Polar bears have featured in several of my earlier posts: FWS [Fish & Wildlife Service] Images of Alaska’s Polar Bears, Walruses and Seals; Where the Polar Bears Roam; and Polar Bears and Blue Angels, Submarines and Ships of the US Navy.
Here’s one more set, which are intriguing because they show the size of the bears in comparison to men. The bears are sedated so that they can be tagged by scientists from the National Oceanic and Atmospheric Administration, or NOAA.
First, a statement from NOAA about the public domain status and use of the images in its library:
Most NOAA photos and slides are in the public domain and CANNOT be copyrighted.
Although at present, no fee is charged for using the photos credit MUST be given to the National Oceanic and Atmospheric Administration/Department of Commerce unless otherwise instructed to give credit to the photographer or other source.
It’s worth repeating that last line. Remember, you are paying nothing, but you must give credit:
…no fee is charged for using the photos credit MUST be given to the National Oceanic and Atmospheric Administration/Department of Commerce
The pictures, then more about NOAA in the Arctic. This one of the bears’ huge padded paws was taken by Captain Budd Christman, NOAA Corps, on Alaska’s Beaufort Sea in May 1982 [credit: NOAA/ US Dept. of Commerce].
Captain Christman also shot the next two pictures of bear and man. The man is Steve Amstrup of the US FWS. The caption provided for the second picture below notes that the bear’s neck circumference was 45 inches and his estimated weight, 1400 pounds. [credits: NOAA/ US Dept. of Commerce].
This last picture shows Cpt. Christman with a bear tagged for monitoring in the Outer Continental Shelf Environmental Assessment Program (OCSEAP) studies [credit: NOAA/ US Dept. of Commerce].
There are a number of really fine things about the NOAA site, and we will return to those in later posts, but just for now let me direct you to these pages:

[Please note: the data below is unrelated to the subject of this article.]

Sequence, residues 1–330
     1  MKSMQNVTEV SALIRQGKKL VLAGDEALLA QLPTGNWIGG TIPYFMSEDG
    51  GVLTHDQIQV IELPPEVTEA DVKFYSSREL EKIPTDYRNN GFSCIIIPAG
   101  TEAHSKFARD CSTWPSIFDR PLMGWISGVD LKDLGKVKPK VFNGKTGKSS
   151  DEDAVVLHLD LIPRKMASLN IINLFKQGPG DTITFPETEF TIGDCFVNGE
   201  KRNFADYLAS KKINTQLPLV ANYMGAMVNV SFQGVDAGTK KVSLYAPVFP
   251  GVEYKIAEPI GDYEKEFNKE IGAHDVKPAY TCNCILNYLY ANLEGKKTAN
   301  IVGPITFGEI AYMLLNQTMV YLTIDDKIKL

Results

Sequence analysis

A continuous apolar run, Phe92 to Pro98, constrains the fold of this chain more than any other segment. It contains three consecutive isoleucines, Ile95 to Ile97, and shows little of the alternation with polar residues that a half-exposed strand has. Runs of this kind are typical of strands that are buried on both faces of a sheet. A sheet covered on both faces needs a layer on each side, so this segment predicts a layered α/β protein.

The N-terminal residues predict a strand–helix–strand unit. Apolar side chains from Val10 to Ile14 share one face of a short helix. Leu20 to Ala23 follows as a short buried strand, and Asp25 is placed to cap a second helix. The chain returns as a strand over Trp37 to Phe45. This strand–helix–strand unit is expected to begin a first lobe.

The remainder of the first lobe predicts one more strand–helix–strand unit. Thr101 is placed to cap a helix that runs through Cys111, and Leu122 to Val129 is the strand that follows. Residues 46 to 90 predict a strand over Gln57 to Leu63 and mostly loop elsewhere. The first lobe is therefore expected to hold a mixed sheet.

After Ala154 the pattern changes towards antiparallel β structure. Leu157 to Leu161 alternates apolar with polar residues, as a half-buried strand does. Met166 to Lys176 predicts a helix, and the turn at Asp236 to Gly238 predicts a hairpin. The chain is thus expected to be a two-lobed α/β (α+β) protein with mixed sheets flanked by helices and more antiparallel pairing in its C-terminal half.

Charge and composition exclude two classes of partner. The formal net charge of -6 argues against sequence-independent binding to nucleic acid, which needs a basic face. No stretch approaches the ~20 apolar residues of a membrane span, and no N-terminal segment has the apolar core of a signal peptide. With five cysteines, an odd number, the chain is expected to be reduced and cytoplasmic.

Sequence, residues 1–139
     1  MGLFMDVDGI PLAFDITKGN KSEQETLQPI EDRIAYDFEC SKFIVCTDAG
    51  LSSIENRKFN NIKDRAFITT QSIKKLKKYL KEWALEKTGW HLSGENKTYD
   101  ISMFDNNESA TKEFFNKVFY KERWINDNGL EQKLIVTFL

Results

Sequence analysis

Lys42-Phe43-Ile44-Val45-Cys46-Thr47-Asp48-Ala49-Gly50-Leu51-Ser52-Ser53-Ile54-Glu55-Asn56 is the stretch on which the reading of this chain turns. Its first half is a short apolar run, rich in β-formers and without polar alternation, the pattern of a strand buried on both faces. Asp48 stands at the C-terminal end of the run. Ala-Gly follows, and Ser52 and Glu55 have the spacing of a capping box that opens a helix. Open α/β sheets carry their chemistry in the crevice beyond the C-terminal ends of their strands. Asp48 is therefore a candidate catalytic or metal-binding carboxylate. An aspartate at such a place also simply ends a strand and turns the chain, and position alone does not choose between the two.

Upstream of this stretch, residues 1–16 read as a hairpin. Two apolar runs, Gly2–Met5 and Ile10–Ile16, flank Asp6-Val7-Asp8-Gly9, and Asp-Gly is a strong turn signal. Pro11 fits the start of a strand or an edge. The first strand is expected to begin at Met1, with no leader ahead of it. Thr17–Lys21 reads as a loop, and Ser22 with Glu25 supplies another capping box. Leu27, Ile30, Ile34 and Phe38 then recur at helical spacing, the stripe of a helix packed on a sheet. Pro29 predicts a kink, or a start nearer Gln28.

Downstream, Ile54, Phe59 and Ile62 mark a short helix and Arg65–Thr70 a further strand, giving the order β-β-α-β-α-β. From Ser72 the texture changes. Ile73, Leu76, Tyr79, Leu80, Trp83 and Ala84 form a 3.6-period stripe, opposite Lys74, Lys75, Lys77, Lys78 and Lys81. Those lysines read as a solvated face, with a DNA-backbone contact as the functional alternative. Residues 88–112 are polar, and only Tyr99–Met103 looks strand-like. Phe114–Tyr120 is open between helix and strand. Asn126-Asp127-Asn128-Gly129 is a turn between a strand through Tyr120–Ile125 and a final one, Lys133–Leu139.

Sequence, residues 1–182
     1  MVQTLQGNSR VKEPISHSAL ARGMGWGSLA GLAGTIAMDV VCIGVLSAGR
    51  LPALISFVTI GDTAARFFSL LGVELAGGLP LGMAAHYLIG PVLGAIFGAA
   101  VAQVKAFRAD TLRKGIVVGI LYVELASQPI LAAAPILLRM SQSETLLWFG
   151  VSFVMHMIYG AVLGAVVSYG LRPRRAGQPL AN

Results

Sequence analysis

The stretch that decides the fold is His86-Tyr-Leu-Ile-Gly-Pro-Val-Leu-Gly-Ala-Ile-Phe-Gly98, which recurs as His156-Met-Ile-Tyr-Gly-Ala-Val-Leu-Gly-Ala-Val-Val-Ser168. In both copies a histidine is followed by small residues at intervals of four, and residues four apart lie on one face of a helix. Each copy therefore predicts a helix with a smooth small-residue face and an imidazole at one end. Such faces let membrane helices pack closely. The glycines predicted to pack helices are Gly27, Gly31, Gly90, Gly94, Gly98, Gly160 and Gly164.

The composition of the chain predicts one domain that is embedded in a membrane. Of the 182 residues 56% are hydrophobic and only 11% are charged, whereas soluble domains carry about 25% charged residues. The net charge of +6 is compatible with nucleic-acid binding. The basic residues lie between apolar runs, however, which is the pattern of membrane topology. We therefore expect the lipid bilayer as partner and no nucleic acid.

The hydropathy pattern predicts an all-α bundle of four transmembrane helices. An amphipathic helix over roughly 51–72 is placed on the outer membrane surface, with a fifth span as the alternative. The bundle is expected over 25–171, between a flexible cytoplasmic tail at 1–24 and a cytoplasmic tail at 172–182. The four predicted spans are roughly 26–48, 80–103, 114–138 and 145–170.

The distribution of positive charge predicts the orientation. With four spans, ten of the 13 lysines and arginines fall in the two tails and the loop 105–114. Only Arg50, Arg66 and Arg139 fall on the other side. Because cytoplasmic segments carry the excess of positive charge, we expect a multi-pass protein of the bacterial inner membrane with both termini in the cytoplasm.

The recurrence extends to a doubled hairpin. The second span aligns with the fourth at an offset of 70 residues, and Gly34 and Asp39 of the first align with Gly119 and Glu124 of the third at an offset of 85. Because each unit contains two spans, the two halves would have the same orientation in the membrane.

- The NOAA Arctic Theme Page, which includes, among many other resources, a North Pole web cam and reports from the NOAA Arctic Research Program.
- NOAA’s Arctic Science Laboratory
- A 201-page Polar Bibliography (rev. 2008) prepared by NOAA librarian Anna Fiolek. She describes it thusly:
The formats represented in this resource include print, CD-ROM, online full-text documents, digital videos, digital images, online cruise data and Web resources. This document provides full-text access, copyright permitting, to significant Polar documents in the NOAA Library collections. There are over one-hundred-and-fifty electronic references to unique historical documents that have been scanned and made available online via NOAALINC, as well as to scientific datasets available online via the National Oceanographic Data Center (NODC) Ocean Archive System.
Now, leaving NOAA and departing from our images in the public domain theme, here’s a resource specifically on polar bears:
- Polar Bear Specialist Group of the IUCN [International Union for Conservation of Nature] Species Survival Commission. This international group met last week in Copenhagen and their findings about the status of polar bear populations were reported were reported in the New York Times’Dot Earth blog (“More Polar Bear Populations in Decline”).
You can’t think about the future of polar bears without considering climate change. Here are some sites about the disappearance of the sea ice on which the bears live. Again, we’ve departed from public domain resources: